And it get's worse.
The team now sits 12 games back from first place—the largest deficit at this point of a season since 2001 (h/t L.A. Times' Mike DiGiovanna).
That year, the Angels finished the season 75-87.
And the current team, well...
The reality of it all is were it not for the Houston Astros, the Angels would be a last-place team with a payroll of $150 million-plus, mistakenly labeled as a trend, like wearing sunglasses indoors.
Sure, it's still too early to count any team out of the race. I get it. But if you are to believe that each quarter mark in the season is just as important as the next, then making a passing grade—performance-wise—is extremely important, regardless of the month.
For that purpose alone, I have falsely accredited and licensed myself as a teacher for the night—think of me as an anti-sabermetrics professor, looking at the reality and athletic beauty of baseball, not the stat-minded jargon that misinterprets 85 mph as slow.
So, with red pencil in hand, let's take a look at the 2013 Los Angeles Angels thus far, and fill in the report card with a few grades.
Batting Average: .256
Runs Scored: 171
With numbers like those, it's difficult to give the Angels batting attack anything higher than average marks. Based on the hype surrounding the trio of Mike Trout, Albert Pujols and Josh Hamilton, you would assume the RBI and runs scored numbers would have been at the mid-100 point late last month.
However, it's not.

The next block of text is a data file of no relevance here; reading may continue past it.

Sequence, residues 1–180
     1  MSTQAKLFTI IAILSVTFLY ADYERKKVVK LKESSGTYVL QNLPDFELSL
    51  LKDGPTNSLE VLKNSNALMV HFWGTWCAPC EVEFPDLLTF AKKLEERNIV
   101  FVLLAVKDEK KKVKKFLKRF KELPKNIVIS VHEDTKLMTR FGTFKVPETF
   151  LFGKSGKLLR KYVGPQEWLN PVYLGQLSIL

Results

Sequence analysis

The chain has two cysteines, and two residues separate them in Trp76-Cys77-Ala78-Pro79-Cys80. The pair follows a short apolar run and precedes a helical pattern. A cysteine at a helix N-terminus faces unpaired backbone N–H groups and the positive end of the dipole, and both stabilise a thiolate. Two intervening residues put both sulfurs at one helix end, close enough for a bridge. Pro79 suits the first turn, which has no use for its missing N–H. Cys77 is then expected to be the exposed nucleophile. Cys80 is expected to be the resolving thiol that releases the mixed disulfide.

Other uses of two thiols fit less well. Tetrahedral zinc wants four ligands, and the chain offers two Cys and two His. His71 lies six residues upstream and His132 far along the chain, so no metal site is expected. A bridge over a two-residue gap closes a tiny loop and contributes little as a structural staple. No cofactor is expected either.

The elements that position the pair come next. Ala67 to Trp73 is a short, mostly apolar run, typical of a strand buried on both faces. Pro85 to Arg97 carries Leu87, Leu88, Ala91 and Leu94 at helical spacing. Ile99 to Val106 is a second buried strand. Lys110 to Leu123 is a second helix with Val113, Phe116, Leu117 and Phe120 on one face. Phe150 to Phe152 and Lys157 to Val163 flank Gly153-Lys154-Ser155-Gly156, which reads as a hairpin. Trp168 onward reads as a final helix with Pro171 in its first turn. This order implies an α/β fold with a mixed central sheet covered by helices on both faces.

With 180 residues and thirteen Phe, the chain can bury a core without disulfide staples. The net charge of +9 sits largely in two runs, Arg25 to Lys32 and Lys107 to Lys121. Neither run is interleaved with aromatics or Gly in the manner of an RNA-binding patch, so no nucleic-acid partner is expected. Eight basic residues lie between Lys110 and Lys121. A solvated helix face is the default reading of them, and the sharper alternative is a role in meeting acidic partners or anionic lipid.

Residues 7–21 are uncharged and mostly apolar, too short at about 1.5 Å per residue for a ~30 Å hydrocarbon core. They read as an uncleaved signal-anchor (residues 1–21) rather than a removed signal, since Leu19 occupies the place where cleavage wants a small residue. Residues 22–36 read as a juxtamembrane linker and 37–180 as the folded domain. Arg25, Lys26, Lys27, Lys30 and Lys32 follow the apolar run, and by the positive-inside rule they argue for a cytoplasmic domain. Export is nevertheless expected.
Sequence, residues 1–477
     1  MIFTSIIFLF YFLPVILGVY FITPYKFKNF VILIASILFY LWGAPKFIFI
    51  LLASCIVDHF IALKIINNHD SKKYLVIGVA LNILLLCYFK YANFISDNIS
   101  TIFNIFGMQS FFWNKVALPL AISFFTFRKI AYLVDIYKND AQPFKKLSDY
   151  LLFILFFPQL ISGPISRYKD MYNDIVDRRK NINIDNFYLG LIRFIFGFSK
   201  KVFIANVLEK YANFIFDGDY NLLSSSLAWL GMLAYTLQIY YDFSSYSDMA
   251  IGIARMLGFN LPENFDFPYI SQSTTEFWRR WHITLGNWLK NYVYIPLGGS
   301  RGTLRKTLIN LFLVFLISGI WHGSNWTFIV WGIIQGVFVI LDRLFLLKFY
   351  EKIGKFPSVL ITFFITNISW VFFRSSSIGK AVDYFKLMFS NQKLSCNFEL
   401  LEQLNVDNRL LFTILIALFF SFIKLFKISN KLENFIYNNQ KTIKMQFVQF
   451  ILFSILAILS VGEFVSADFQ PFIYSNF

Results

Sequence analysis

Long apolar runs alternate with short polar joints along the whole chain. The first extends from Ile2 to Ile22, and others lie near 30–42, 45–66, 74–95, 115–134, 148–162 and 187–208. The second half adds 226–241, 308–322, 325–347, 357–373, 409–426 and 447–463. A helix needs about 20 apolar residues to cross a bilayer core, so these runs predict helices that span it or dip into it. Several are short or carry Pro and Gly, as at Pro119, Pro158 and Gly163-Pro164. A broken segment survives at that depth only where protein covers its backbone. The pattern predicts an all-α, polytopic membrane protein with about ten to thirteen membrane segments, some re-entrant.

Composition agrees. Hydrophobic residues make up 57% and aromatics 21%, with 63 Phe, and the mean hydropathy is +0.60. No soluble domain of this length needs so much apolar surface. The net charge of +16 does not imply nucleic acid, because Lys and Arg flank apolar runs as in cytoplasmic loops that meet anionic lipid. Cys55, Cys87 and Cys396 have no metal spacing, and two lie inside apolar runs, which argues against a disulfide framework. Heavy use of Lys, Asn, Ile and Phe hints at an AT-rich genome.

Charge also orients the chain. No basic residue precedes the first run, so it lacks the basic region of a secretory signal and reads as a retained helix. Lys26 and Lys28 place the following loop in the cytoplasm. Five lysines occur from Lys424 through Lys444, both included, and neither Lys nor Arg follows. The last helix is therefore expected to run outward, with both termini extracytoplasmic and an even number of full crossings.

And there is more than just those three swinging the bat (or lack thereof).
While Howie Kendrick and Mark Trumbo have clearly been the most consistent, with Trout steady as of late, the glaring light of disappointment overall from this team can be seen via the amount of double-plays so far this year—a league-leading 45.
The timeliness of the hitting, such as Trout’s magnificent home run in a meaningless blowout to the Kansas City Royals on Wednesday night, has been a major non-factor, surprisingly. And that doesn't cut it. With a team that has this much talent at the plate—the one aspect that was to save the Halos this year—the first quarter has been shaky, inconsistent and boringly average at best.
Fielding PCT: .982
The Angels defense has been a quiet disappointment this season. They are second in the AL in errors, and their overall fielding percentage ranks 12th out of 15 teams.
Howie Kendrick has an unexplainable five errors this year, and the slow-footed, injury-plagued Albert Pujols has three. What is usually a solid infield, an area the team relied on in the past, is now a giant question mark.
The catchers have also been a disappointment.
Hank Conger and Chris Iannetta have combined to only throw out 10 percent of the stolen-base attempts. That's a far decline from the 20 to 25 percent you would expect out of Iannetta. However, the errors and lack of presence behind the plate is pretty much the generic scouting report on Conger.
If it wasn't for the decent outfield play by Josh Hamilton, Mike Trout, Peter Bourjos and J.B. Shuck, the overall defense would earn a lower grade. For now, however, they are just average.
Though some may look at the Angels rotation as a complete failure thus far, I see it differently. They have shown promise...when it's the right arms in the rotation.
However, with injuries, missed time for family reasons and the Joe Blanton/Barry Enright phase of the experiment clearly not working (one down, one to go?), the right arms in the rotation has been the issue.
But it will get better. Jered Weaver is on his way back from injury. Jerome Williams is showing he is a possible No. 4 or No. 5. and Jason Vargas understands, quietly, that inside aggressiveness can be accomplished with 88 mph.
Unfortunately, that doesn't erase the rough outings Halo fans have witnessed (suffered through?). I still stick by my original thought (in this column) that the Angels have ample pitching to compete this season, but the first quarter has certainly tarnished my opinion.